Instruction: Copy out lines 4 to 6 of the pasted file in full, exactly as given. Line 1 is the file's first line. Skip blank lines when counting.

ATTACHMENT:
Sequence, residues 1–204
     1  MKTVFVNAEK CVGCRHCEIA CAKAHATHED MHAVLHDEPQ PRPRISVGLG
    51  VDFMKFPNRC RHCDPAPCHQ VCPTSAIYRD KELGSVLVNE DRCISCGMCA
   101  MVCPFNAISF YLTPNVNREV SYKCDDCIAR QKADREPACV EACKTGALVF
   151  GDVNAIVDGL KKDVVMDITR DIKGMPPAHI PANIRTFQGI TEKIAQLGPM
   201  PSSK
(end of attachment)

   101  MVCPFNAISF YLTPNVNREV SYKCDDCIAR QKADREPACV EACKTGALVF
   151  GDVNAIVDGL KKDVVMDITR DIKGMPPAHI PANIRTFQGI TEKIAQLGPM
   201  PSSK